English is a baffling language. The plural of cow is cows, yet the plural of sheep is sheep. More than one mouse is mice, but more than one house isn’t hice. And although you can roll dice, if you only roll one, it is known as a die.
To confuse matter further, we often hear how ‘data is used’, when in fact many scientists remind us that the word ‘data’ is plural, and that the singular is datum.
With that in mind, we ask…
What are data?
For some people, ‘data’ is a factor to consider when choosing a smartphone plan. For others, the word stirs memories of the matter-of-fact android in Star Trek, or the gadget inventing whizz-kid in the 80’s cult film The Goonies. (Or is that just me?)
Sign up to FreshWater Watch, and you’ll receive a testing kit from us. You’ll use it to collect simple measurements – or data – about the nutrients found in streams, rivers and lakes near them. You then upload your data through a smartphone, or on our Website.
How do we use your data?
The kind of data that you collect is missing in most of the world, simply because scientists and Governments do not have the resources to collect data on such a large scale.
Each piece of data – or datum – that you upload adds to a bigger picture that we can use to identify the impact of human development, pollution and other impacts on our fresh water.
Your results will be analysed and shared with policy makers, and could help us to understand why certain aquatic species are dying out, or whether we should avoid drinking from certain waterbodies, or how we can work with businesses to improve their operations.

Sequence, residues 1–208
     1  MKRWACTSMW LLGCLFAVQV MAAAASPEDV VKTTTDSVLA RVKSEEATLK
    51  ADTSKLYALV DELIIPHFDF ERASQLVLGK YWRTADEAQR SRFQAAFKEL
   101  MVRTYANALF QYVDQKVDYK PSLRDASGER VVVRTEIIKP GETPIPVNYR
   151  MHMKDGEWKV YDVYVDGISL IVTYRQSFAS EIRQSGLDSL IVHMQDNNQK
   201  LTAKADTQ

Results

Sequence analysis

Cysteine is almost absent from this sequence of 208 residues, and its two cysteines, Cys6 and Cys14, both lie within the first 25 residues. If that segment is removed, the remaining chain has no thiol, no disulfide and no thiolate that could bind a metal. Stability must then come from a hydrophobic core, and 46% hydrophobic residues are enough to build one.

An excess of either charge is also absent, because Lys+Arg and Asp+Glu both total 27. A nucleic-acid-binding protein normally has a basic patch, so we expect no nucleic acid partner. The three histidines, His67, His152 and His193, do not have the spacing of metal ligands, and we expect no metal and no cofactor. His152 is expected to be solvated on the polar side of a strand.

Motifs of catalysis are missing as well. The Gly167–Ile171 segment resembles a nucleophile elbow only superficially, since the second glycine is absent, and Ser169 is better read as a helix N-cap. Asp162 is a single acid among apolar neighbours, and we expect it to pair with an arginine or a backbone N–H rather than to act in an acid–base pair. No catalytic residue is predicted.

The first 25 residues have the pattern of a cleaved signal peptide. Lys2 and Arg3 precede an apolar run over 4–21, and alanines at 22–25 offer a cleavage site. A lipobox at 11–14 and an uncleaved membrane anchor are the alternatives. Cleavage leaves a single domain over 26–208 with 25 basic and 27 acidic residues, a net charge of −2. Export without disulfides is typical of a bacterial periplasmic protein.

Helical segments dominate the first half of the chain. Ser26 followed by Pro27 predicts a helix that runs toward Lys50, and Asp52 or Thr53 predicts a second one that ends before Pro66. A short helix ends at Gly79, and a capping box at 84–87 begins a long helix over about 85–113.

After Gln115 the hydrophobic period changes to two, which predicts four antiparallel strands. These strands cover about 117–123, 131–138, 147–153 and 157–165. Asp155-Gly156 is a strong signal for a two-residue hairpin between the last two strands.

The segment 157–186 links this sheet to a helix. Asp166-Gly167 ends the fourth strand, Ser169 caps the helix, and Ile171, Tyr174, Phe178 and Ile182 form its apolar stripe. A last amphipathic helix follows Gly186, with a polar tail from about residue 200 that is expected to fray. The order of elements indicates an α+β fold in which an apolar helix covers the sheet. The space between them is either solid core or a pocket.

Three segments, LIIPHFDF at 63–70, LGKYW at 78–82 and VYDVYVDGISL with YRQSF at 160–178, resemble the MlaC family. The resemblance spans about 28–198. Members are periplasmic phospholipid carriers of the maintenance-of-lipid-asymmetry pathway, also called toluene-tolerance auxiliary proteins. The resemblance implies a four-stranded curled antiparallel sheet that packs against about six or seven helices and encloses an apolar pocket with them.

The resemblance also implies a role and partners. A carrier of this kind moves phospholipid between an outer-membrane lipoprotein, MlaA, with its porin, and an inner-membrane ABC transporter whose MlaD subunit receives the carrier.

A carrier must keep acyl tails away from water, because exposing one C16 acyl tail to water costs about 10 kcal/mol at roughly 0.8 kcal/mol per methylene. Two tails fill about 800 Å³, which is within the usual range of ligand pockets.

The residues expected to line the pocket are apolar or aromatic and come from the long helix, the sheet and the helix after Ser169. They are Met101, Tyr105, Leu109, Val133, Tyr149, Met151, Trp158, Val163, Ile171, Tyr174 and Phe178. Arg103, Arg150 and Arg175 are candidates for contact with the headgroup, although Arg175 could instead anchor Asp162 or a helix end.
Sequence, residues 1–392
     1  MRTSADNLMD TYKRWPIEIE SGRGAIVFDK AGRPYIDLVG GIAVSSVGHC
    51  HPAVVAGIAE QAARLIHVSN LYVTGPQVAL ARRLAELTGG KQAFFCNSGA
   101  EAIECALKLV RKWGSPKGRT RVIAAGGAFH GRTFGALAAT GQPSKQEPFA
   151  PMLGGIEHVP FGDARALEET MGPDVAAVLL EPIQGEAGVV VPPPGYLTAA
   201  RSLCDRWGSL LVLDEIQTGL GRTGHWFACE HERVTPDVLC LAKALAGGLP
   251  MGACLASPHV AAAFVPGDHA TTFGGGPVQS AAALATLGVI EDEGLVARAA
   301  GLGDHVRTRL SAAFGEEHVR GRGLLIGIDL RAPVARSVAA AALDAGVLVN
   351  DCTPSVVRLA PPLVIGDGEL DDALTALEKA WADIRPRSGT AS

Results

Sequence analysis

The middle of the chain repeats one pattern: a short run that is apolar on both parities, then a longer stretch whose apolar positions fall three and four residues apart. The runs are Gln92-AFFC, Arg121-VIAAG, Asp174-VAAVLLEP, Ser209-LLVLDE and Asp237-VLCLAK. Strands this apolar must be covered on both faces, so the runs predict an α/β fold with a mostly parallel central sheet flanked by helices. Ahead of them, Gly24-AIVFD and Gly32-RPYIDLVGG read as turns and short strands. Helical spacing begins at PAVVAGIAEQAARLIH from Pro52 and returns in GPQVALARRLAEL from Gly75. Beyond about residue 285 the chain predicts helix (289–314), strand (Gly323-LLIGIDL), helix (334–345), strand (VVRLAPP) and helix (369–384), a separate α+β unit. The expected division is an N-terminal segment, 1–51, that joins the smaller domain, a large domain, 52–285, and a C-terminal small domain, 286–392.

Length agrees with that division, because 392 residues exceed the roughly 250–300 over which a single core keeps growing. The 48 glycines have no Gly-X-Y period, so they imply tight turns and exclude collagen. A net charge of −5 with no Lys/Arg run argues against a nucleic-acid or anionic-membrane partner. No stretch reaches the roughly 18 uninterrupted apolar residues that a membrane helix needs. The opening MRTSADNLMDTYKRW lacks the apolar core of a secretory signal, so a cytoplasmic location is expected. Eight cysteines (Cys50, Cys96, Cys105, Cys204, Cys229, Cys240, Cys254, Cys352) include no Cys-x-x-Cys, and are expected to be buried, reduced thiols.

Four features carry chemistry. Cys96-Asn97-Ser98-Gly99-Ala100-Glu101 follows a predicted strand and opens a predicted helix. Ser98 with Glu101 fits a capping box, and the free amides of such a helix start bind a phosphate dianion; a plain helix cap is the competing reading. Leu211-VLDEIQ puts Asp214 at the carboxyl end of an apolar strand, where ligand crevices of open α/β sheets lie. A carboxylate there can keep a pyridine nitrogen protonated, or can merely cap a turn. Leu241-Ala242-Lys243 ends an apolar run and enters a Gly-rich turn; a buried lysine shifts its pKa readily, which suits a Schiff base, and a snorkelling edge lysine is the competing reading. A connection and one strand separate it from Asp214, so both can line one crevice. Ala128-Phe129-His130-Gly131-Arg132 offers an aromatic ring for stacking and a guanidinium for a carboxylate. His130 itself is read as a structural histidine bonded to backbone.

You say tomato
So we don’t mind whether you say ‘data is’ or ‘data are’. We don’t even mind if you pronounce it as dayta or dahta.
We just want to get as much of it as possible. A datum is good, but it becomes so much more powerful when it becomes data.
Over to you:
Help us get more data!
Collect data from your local waterbody at least three or four times a year.
Recruit your colleagues, or members of your special interest group as FreshWater Watchers
Next time: E is for Eighty litres of water in an orange
A is for Alien Invasions; B is for the Biggest!; C is for Crickets in your lunchbox; D is for Data. Or is it datum?; E is for Eighty Litres of Water in an Orange; F is for Ferruginous Pochard; G is for Going, Going, Gone?; H is for Heroes; I is for Industrial Revolution; J is for Jigsaw Puzzles; K is for (Everything including the) Kitchen Sink; L is for Life itself; M is for Microbeads; N is for Namedropping